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US Border Patrol Council Agents Releasing COVID-Positive Migrants Into America 'Day in, Day Out'

© REUTERS / JOSE LUIS GONZALEZMigrants from Central America are detained by a U.S. Customs and Border Protection (CBP) agent after crossing into the United States from Mexico, in Sunland Park, New Mexico, U.S. July 15, 2021
Migrants from Central America are detained by a U.S. Customs and Border Protection (CBP) agent after crossing into the United States from Mexico, in Sunland Park, New Mexico, U.S. July 15, 2021 - Sputnik International, 1920, 01.08.2021
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The migration crisis continues to persist in the US, with Customs and Border Protection (CBP) revealing last month that they had detained over 188,000 undocumented migrants along the country's southern border with Mexico in June, the biggest monthly total since April 2000.
Chris Cabrera, vice president of the US National Border Patrol Council (NBPC), told Fox News on Saturday that NBPC agents have to release COVID-positive migrants into the US on a daily basis.
"Not everyone we encounter we test, only those that exhibit some type of symptoms and not everybody has symptoms that has it. And we're releasing people out of the door day in and day out with actual positive tests for COVID and more keep popping up", Cabrera said.
He added that his sector alone has already seen 20,000 apprehensions of migrants at the southern border, and that many NBPC agents have been quarantined or are sick with the virus.
© REUTERS / STRINGERMigrants from Venezuela await transportation to a U.S. border patrol facility after crossing the Rio Grande river into the United States from Mexico in Del Rio, Texas, U.S., May 11, 2021
Migrants from Venezuela await transportation to a U.S. border patrol facility after crossing the Rio Grande river into the United States from Mexico in Del Rio, Texas, U.S., May 11, 2021 - Sputnik International, 1920, 07.09.2021
Migrants from Venezuela await transportation to a U.S. border patrol facility after crossing the Rio Grande river into the United States from Mexico in Del Rio, Texas, U.S., May 11, 2021
"We have a lot of agents quarantined right now, which adds to our problem, on top of [the] agents who are sick with COVID, so we're concerned about catching it ourselves, we're concerned about our families and coworkers and it just seems everyone's turning a blind eye to it when we have a real situation down here", he pointed out.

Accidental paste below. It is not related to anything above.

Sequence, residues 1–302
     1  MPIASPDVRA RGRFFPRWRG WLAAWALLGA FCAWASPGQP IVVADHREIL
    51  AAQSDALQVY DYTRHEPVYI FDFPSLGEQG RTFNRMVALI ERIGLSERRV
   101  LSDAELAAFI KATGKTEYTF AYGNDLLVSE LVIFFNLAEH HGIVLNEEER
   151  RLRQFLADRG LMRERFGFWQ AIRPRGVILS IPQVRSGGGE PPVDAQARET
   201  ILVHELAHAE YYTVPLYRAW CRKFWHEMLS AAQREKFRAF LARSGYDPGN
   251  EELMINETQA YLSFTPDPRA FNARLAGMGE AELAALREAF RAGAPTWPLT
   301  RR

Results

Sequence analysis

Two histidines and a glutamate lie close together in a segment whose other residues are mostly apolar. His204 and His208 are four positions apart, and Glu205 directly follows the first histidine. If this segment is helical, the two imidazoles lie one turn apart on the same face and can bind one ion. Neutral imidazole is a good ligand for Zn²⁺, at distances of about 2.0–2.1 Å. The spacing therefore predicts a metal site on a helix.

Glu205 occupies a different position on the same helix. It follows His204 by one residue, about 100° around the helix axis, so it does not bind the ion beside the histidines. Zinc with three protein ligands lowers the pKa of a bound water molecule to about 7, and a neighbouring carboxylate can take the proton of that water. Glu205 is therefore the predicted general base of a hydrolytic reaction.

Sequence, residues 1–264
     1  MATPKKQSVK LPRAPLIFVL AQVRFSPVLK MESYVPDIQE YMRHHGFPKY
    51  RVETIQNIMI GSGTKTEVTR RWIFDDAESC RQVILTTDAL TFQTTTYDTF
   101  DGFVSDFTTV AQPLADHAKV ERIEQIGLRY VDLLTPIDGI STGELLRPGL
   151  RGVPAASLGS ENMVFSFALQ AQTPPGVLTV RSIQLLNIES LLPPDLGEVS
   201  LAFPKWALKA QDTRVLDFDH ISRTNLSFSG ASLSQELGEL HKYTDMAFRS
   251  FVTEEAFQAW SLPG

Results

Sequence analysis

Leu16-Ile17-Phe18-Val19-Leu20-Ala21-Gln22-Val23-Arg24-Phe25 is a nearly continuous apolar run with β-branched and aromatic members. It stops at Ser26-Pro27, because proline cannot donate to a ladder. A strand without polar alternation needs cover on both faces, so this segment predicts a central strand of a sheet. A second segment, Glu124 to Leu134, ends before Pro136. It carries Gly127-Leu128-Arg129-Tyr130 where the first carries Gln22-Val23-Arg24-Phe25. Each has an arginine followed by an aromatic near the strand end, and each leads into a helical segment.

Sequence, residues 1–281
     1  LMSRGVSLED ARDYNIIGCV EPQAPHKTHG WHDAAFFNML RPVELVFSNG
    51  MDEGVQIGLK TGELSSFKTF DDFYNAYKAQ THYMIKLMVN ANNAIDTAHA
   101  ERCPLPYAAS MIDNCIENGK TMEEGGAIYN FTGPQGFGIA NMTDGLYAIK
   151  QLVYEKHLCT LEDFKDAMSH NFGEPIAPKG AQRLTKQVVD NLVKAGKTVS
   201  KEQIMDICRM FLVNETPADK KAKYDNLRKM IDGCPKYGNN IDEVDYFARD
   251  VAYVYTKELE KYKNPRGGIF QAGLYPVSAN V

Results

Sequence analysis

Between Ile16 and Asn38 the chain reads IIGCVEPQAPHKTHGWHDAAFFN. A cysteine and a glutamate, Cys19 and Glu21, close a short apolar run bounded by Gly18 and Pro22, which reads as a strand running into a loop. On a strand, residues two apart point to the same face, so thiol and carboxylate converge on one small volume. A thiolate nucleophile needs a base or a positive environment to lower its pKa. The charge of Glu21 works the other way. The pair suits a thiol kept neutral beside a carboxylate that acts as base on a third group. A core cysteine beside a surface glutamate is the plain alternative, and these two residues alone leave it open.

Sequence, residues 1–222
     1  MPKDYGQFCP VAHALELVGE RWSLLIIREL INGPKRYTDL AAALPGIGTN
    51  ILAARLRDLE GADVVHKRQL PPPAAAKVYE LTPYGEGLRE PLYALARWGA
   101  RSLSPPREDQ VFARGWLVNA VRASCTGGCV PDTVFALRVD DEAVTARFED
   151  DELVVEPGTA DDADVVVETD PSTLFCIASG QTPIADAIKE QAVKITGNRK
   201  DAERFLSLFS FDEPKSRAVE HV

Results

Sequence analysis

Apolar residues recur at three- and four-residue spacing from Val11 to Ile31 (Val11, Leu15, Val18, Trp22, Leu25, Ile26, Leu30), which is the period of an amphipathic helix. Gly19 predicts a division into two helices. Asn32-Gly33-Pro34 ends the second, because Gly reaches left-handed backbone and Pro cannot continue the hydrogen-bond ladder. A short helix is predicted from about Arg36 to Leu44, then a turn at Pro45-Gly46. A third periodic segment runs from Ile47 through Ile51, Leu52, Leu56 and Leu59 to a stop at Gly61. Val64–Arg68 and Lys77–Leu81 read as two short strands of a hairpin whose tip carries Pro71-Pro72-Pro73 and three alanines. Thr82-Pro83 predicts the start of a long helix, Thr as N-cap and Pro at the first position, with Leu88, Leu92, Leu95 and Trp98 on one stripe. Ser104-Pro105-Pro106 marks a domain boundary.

The remarks follow the US Department of Homeland Security (DHS) announcing late last month that deportations for some migrant families who cross the US-Mexico border will be fast-tracked.
"Certain family units who are not able to be expelled under Title 42 will be placed in expedited removal proceedings.  Expedited removal provides a lawful, more accelerated procedure to remove those family units who do not have a basis under US law to be in the United States", DHS said in a statement.   
The department stressed that trying "to cross into the United States between ports of entry, or circumventing inspection at ports of entry, is the wrong way to come to the United States". The Department of Homeland Security warned that these "dangerous" acts "can carry long-term immigration consequences for individuals who attempt to do so".

Illegal Migrant Border Crossings at Record High

The developments unfold as the number of illegal migrants crossing America's southern border continues to increase, with US Customs and Border Protection (CBP) saying last month that the figure had reached a new record high in June, when more than 188,000 asylums seekers were apprehended.
A Customs and Border Patrol agent closes the door after a group of migrant women are loaded into a transport, after being apprehended near the border between Mexico and the United States in Del Rio, Texas on May 16, 2021. - Crossings in Del Rio have risen significantly this year with many crossings earlier this year by Haitian migrants and now many coming to seek asylum from Venezuela.  - Sputnik International, 1920, 15.07.2021
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The CBP also pointed at a surge in encounters with unaccompanied children, which, the agency noted, has "increased this month by 8 percent with 15,253 encounters in June 2021 compared with 14,137 in May 2021".
The issues along the nation's southern border intensified after President Joe Biden began reversing the Trump administration's hardline immigration policies, halting construction of a border wall, moving to end "harsh and extreme immigration enforcement", and promising to "restore and expand" the asylum system.
Other steps included rescinding the Trump travel ban and pledging a "path to citizenship" for more than 11 million undocumented immigrants already living in the US.
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